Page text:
In the age of individualism, the order of today for artists is to first and foremost develop a definitive personal style. Meanwhile art history continues its quest grouping associates and seeking similarities in order to understand a time or a place through the statements and styles of the artists who lived in them. Not often can art escape its context as a reflection of- or a response to the politics, economics or social constructs of the day. Hamidou Maiga is a photographer who, relative to his long career, has recently been discovered by the art world. Through this ‘discovery’ he has naturally been grouped with his contemporary and occasional collaborator, the late Malick Sidib√©, and their predecessor Seydou Ke√Øta as the portrait photographers of mid-century Mali.
On another continent altogether, his photographs are currently on display at MATE¬†in Peru. The museum and centre was established by celebrated fashion photographer Mario Testino with the aim of creating a cultural exchange between Peruvian artists and the world, and international contemporary art and audiences in Lima. The show is titled¬†The Route of the N√≠ger: From Mopti to Tombuct√∫. In 1958 Maiga established¬†his first studio in the village of N’Gouma in the Mopti region. Though there’s a consistent formality to be found in his images, many were shot outdoors in a makeshift studio as he spent two years travelling the route of the River Niger taking people’s portraits along the way. In 1960, the year of Mali’s independence from France, he set up in Timbuktu. Maiga is known as one of the first people to bring a camera to the Niger region and for many of his subjects it would have been the first time they were ever photographed.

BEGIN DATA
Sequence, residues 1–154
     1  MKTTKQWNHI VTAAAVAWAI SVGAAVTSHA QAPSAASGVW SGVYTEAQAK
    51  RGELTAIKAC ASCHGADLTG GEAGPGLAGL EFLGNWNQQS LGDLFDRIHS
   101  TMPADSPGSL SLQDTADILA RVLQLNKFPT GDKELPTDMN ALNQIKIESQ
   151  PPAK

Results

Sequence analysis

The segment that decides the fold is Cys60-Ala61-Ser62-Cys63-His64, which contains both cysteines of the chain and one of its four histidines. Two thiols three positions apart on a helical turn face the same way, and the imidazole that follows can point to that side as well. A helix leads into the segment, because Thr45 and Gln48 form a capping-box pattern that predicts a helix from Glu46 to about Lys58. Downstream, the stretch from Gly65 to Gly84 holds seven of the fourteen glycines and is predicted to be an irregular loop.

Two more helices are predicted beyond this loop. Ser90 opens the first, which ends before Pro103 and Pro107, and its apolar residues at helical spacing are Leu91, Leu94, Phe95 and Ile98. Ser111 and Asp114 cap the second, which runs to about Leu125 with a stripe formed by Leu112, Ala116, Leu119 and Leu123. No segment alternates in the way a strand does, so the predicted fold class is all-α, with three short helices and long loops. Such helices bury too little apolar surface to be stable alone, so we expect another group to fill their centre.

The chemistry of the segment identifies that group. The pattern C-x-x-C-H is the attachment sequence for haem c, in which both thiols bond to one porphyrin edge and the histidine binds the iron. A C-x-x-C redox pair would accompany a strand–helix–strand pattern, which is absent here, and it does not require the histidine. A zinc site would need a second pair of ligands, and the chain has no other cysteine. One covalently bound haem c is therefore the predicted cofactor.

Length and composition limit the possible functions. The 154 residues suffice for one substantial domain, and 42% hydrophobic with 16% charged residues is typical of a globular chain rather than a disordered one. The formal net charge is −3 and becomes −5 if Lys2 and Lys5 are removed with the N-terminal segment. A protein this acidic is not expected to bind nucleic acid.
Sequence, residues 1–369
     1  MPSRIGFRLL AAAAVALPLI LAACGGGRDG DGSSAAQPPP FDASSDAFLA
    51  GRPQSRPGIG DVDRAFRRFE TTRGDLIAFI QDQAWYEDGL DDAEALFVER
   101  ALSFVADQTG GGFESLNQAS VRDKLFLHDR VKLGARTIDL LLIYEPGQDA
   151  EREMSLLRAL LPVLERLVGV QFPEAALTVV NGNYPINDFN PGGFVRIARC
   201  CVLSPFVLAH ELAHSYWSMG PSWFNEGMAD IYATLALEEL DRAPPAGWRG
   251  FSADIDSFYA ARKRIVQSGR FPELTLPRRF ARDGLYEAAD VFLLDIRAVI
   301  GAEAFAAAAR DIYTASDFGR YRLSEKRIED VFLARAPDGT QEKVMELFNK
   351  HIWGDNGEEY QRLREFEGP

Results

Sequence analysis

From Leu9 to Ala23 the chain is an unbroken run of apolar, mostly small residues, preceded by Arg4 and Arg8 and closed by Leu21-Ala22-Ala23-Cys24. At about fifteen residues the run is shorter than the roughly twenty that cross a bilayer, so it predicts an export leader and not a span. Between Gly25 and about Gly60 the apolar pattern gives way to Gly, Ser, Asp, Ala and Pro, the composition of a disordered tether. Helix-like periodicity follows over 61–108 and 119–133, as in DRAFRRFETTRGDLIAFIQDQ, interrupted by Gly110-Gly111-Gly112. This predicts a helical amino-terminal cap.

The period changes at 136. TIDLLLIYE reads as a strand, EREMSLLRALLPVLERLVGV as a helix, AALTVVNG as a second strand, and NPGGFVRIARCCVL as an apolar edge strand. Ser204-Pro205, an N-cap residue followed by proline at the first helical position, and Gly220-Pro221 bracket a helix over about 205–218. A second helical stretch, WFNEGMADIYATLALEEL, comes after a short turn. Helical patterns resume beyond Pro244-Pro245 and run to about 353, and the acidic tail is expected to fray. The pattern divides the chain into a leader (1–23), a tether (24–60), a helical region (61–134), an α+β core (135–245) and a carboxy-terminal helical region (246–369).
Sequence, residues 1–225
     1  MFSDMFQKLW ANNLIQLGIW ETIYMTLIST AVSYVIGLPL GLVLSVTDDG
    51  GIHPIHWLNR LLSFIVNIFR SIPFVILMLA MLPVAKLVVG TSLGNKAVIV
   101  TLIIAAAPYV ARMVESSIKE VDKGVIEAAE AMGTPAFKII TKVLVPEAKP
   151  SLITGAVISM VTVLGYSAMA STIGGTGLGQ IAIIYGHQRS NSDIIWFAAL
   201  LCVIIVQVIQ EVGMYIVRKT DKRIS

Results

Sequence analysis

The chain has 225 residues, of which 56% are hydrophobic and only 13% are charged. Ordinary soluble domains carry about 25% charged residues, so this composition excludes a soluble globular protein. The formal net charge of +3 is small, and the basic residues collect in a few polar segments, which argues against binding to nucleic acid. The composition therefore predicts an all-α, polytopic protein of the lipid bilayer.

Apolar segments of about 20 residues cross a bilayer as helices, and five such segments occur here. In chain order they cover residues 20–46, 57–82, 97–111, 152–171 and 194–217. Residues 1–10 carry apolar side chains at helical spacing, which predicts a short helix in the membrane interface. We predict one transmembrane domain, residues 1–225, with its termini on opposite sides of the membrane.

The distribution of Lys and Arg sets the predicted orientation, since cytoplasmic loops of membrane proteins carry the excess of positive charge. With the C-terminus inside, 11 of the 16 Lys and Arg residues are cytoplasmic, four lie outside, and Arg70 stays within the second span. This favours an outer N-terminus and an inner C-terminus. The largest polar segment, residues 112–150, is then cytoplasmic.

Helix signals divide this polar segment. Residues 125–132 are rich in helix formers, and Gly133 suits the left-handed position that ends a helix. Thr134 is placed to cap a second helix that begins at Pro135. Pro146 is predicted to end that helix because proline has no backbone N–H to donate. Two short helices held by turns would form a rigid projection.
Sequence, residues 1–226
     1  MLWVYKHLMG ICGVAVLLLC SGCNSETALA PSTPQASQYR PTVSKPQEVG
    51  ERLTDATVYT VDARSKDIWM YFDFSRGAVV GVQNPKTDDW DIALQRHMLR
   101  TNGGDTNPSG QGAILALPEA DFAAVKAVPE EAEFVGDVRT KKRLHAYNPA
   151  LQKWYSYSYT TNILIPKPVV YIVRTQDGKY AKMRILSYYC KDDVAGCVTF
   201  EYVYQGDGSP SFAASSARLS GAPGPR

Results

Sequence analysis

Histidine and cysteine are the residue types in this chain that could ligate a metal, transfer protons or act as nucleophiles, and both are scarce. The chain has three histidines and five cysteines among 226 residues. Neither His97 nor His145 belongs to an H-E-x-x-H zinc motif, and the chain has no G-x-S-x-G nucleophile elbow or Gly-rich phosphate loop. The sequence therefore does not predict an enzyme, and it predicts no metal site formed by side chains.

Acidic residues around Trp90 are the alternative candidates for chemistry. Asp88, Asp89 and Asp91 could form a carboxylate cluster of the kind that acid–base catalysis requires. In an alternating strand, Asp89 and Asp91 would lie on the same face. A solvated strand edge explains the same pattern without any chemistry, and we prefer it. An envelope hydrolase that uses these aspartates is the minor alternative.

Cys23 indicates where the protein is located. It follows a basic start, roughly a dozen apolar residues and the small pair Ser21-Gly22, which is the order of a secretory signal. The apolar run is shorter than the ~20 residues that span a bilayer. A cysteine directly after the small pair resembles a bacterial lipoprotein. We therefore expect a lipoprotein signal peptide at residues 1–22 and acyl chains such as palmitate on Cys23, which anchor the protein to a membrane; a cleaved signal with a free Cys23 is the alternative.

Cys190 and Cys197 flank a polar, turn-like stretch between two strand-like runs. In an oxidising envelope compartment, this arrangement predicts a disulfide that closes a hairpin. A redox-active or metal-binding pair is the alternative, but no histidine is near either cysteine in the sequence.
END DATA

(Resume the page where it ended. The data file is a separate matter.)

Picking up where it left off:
History is told from the perspective of those who have the means to document and¬†disseminate it. In order to change the voice narrating the stories of African people, there has been a movement in recent years, online especially, for African stories and images to be told and made by Africans. The value that photographers like Sidib√© and Maiga operating in their home countries 50 years ago bring to art history (and history in general) is immeasurable. These portraits made of paying customers are the antithesis of the ethnographic portraiture of African people made by European photographers that we’ve come to know too well.
Though Maiga’s life’s work was intended as a commercial enterprise – he continues to live and work in Bamako today – through this everyday documentation, he captured Mali’s journey through independence and the socio-economic effect this had on his subjects, the fashion they chose to wear and how they chose to present themselves to his camera.